Cerber Ransomware Recovery Services

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Has Your Business Fallen Victim to Cerber Ransomware?

Our Ransomware Response Team is ready to help. Specializing in Helping Businesses remove ransomware & restore encrypted files.

Cerber Ransomware Recovery Services

Rely on Intelecis to prioritize your data recovery because downtime has a significant negative impact on business performance across all industries. Numerous businesses have benefited from the expertise of our well-equipped Ransomware Team.

What is Cerber?

In March 2016, the ransomware known as Cerber was found. It is possible for anyone to use ransomware-as-a-service (RaaS) software without any prior coding or hacking experience. The RaaS client and the software creator split any proceeds from the extortion of ransomware victims. Files are encrypted by ransomware using cryptographically safe ciphers, and the victim is then required to pay the ransom to have their files decrypted.

Cerber ransomware is a particularly dangerous form of ransomware that has been known to encrypt not only a victim’s files, but also their backups. As a result, Cerber ransomware removal can be extremely difficult and often requires the use of specialized ransomware removal services. Ransomware services can also help to restore encrypted files, but they come at a significant cost. In order to avoid becoming a victim of Cerber ransomware, it is important to practice good cyber security hygiene and never open email attachments from unknown senders.

How Does Cerber Ransomware Work?

Using a phishing email, the first Cerber ransomware attack is launched. A zipped.DOT file is included in the email. The malicious macro that installs the malware on the local workstation is found in the password-protected.DOT file. Another variant of Cerber installs the malware on the local device via a Windows Script File (WSF) that is attached to a phishing email.

The password for the.DOT file is contained in the phishing email in the original.DOT version of Cerber. A Microsoft Word template that supports macros is known as a.DOT file. The file opens with a message to click the “Enable Content” warning message at the top of the window when the user opens the file and enters the password. The user permits the malicious macro to run on their local device by clicking this button.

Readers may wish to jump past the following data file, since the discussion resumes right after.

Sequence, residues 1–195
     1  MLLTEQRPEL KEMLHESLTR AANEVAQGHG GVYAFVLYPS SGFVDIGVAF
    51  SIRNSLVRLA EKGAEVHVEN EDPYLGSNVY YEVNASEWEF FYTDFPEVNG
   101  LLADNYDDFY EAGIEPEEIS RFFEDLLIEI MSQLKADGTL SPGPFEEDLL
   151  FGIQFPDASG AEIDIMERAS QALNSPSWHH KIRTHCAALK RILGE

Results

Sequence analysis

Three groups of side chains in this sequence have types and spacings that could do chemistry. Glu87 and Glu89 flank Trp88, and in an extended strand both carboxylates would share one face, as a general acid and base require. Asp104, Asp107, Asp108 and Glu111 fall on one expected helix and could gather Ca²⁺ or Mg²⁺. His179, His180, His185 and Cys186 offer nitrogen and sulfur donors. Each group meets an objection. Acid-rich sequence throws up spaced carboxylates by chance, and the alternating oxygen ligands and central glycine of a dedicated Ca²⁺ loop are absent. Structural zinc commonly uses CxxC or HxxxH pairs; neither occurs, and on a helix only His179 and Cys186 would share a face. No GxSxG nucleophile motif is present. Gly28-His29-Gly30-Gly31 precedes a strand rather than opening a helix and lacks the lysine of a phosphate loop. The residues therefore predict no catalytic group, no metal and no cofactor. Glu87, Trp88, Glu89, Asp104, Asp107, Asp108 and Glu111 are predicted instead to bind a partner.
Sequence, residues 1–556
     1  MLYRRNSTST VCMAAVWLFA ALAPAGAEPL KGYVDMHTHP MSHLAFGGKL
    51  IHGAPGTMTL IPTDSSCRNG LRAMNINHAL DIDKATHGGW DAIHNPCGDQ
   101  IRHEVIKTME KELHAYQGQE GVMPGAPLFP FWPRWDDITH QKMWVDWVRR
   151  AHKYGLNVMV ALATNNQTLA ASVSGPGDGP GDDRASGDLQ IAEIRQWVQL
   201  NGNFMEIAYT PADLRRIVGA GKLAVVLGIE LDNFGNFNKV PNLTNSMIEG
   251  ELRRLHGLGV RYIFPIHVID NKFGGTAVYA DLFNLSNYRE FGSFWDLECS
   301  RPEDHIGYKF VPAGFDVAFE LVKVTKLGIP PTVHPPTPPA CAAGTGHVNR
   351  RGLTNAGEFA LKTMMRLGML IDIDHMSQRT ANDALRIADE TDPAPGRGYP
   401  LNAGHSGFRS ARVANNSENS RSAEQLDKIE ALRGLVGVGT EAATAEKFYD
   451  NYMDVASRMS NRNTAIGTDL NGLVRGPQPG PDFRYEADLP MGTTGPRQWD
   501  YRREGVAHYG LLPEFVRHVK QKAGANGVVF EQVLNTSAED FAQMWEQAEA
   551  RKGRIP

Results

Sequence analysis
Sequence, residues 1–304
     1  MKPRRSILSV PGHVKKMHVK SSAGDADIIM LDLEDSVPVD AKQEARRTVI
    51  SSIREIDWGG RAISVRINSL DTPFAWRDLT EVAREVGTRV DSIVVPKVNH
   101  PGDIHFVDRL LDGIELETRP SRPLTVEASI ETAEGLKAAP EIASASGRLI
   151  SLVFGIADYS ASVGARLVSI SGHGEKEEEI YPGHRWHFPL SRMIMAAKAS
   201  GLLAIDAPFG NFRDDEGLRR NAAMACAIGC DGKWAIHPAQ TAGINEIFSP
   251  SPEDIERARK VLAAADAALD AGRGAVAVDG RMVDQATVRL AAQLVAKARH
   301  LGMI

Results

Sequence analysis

The user is urged to access the script file when using the WSF version of Cerber. The user launches the script by opening the file, which downloads and installs the ransomware infection on the local device. An “unsubscribe” link directing users to the zip file containing the WSF script can also be found in the phishing email.

The Windows screensaver is launched by the initial Cerber execution, which takes place after the user has been inactive for some time. It also displays false system alerts to compel the user to reboot their system. Cerber makes the system reboot into Safe Mode with Networking enabled by default. The device is then compelled to reboot once more into the default Windows service.

Cerber then begins the encryption process when the device has rebooted into the default Windows environment. It will look for unmapped shared disks and encrypt 442 different file types. The encryption ciphers AES-256 (symmetric) and RSA (asymmetric) used by Cerber are both cryptographically secure. It should be noted that more recent iterations of Cerber also incorporate a botnet capability, enabling local devices to take part in distributed denial-of-service (DDoS) assaults.

How to recognize that you have been infected?

Like other ransomware, Cerber informs the victim that their files have been encrypted using alerts and notes. Cerber displays an alert on the victim’s computer as the screensaver to get their attention and then uses stored text files to provide instructions. Some versions of Cerber store an HTML file named __$$RECOVERY_README$$__.html on the drive or use a text file called “DECRYPT MY FILES” to alert victims.

Aside from wallpaper and file alerts, another sign that your device is affected is the “.locked” file extension. Instead of an Excel spreadsheet with the “.xlsx” file extension, your spreadsheet files will have the “.locked” file extension. Cerber encrypts over 400 file types, so all critical files, including personal images, will be encrypted.

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